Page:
Odessa GDP growth tops nation
Feb 23, 2013 (Odessa American - McClatchy-Tribune Information Services via COMTEX) --
Odessa saw the fastest economic growth of any metropolitan area in the country in 2011, according to data released Friday by the federal government, which attributed the growth to expansion in wholesale and retail trade.
The report from the Bureau of Economic Analysis concerns real gross domestic product, measured as the total value of all goods and services sold. And in the Permian Basin, the driving force of those goods and services was the oil and gas industry.
Odessa's GDP grew 15.2 percent, the data show. Midland's growth rate ranked second at 9.5 percent.
Among the 10 largest metropolitan areas, two of the fastest growing were in Texas. Houston topped the list at a rate of 3.7 percent.
"What do all of these things have in common It's their strong connection to the oil and gas business, which is much more concentrated in the Midland and Odessa area than in Houston," local economist Karr Ingham said.
More oilfield service companies in Odessa might explain why its growth rate exceeded Midland's, said Mike George, chief executive officer of the Odessa Chamber of Commerce. During the boom, Odessa has also seen more hires at its medical and educational institutions.
GDP doesn't necessarily reflect quality of life. Critics note, for example, that GDP can include the cost of damage by pollution as a positive factor in its calculations but exclude lost value of unpaid costs of harm.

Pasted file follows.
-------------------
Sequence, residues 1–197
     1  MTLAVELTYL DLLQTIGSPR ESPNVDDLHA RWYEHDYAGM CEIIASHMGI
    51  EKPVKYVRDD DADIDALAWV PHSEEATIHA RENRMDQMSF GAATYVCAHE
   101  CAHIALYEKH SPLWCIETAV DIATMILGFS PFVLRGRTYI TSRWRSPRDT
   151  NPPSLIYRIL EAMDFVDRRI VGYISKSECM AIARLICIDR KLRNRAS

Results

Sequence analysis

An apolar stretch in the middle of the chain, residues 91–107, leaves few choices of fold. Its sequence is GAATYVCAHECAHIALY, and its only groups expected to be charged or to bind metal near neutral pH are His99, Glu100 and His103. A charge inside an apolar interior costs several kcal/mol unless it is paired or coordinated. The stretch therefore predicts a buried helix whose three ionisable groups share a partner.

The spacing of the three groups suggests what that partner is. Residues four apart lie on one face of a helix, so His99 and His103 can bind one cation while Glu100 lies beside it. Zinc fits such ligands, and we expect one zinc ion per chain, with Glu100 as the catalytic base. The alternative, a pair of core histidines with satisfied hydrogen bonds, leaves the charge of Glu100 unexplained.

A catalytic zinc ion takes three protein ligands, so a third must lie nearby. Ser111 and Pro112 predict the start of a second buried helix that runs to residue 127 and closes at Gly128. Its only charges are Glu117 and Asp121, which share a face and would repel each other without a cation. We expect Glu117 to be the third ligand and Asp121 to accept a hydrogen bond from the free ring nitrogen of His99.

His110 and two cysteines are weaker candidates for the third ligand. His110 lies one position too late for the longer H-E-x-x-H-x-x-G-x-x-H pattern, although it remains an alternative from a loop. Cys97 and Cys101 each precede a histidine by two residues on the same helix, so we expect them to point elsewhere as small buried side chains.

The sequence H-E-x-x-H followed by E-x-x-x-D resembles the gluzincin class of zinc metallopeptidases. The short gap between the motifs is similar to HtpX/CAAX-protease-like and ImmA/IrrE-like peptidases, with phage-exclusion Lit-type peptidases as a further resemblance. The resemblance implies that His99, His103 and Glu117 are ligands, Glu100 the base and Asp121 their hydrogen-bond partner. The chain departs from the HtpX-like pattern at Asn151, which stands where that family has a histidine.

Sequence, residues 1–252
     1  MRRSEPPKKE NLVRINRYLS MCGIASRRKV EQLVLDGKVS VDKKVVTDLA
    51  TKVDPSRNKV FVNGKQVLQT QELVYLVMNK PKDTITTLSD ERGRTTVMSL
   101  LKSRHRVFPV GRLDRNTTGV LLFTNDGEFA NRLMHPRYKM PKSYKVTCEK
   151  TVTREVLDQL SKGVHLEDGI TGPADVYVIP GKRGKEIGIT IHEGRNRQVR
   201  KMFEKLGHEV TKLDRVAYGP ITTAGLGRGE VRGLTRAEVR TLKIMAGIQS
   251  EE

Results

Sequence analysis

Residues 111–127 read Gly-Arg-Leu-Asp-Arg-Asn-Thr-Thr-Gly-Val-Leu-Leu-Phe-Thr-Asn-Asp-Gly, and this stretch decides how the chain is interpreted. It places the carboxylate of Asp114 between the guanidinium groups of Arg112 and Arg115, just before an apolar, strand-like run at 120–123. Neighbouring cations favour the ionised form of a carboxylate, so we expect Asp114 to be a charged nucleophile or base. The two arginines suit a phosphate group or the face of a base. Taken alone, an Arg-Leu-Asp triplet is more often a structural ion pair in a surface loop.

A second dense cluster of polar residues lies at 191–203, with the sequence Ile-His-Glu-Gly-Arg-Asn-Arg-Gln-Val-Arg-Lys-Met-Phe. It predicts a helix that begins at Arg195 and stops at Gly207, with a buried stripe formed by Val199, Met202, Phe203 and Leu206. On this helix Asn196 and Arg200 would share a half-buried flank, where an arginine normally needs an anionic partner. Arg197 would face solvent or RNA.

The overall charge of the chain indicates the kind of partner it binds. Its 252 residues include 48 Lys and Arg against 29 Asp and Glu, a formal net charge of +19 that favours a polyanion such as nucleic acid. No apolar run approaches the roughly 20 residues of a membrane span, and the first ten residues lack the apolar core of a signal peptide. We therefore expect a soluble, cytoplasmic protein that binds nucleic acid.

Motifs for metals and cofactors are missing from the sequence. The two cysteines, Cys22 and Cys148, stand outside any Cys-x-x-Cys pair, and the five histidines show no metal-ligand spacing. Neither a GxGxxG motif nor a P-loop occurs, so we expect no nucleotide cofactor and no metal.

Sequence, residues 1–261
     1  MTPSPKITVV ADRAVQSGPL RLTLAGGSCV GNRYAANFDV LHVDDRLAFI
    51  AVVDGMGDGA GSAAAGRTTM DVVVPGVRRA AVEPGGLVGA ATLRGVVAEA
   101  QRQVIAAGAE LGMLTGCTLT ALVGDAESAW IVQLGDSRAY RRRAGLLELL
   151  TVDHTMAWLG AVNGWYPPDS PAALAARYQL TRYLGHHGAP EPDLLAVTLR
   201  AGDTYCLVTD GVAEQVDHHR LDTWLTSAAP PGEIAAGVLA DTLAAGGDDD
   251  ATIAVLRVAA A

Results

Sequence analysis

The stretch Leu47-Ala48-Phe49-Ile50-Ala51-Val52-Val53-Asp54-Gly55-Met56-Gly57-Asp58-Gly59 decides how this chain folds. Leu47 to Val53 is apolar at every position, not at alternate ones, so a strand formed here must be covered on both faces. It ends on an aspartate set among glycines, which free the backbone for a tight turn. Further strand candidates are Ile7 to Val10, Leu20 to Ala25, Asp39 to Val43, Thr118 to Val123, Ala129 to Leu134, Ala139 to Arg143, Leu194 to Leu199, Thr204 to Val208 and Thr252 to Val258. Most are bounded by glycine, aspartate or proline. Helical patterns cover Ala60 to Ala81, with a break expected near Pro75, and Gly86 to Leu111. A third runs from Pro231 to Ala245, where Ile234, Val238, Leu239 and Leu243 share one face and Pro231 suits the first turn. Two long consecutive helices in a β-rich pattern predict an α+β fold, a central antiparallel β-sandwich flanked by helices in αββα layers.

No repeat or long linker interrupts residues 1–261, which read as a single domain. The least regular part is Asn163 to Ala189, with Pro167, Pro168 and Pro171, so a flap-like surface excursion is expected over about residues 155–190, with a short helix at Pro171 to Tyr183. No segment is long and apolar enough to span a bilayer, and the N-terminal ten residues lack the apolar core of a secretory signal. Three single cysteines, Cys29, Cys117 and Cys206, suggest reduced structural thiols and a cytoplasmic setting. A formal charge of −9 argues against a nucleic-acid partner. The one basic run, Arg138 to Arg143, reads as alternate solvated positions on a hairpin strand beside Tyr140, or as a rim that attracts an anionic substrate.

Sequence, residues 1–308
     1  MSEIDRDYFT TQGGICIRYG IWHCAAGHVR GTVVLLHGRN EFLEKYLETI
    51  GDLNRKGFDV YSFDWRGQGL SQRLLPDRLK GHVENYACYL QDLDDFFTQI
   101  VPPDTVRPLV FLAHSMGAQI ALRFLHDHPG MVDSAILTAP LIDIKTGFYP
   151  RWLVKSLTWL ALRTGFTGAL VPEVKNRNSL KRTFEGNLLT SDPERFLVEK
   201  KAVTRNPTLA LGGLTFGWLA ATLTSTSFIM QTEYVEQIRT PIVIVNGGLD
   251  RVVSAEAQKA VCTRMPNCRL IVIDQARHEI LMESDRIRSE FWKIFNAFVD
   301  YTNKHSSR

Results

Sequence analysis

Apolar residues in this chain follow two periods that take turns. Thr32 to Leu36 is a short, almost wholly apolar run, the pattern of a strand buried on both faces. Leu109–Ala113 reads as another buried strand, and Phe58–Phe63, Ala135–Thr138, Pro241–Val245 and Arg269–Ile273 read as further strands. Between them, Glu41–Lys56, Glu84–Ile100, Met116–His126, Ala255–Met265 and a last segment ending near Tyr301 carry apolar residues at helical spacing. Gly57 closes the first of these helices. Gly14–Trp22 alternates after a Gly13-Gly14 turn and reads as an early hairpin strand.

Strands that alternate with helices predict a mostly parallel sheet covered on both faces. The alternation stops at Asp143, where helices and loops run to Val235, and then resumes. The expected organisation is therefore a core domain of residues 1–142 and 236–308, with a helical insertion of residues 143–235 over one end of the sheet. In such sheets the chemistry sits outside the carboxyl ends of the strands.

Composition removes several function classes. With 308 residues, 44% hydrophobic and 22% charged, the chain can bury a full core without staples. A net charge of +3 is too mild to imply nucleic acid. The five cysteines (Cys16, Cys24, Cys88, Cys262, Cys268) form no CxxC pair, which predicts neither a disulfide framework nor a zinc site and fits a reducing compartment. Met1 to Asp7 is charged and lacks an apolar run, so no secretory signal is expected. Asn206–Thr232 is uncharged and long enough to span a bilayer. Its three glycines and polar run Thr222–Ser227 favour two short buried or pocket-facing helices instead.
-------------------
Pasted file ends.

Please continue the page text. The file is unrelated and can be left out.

Growth can also become "overheated," Ingham said, though he stopped short of applying that characterization to growth in Odessa.
"It's certainly rapid growth, and it's growth that's outpacing, at least for the moment, the ability to keep up with infrastructure and housing," Ingham said. "It will take some time for those things to sort themselves out. But I think most people accept having to deal with these issues because of the benefits on the positive side of the ledger that far outweigh the negative."
The positives: strong job growth and greater opportunity for people up and down the income spectrum.
Other negatives associated with rapid economic and population growth include municipal vacancies, inflationary costs of living and increases in crime and traffic accidents, as the Odessa American has reported in previous stories.
"We see these problems as being good problems to work on. We all can remember when we had problems because of the bust," George said. "The bust created hundreds of vacant homes, closed down businesses and caused a lot of unemployment. We would much prefer to work on the problems associated with economic growth and very low unemployment."
Contact Corey Paul on Twitter @OAcrime on Facebook at OA Corey Paul or call 432-333-7768.
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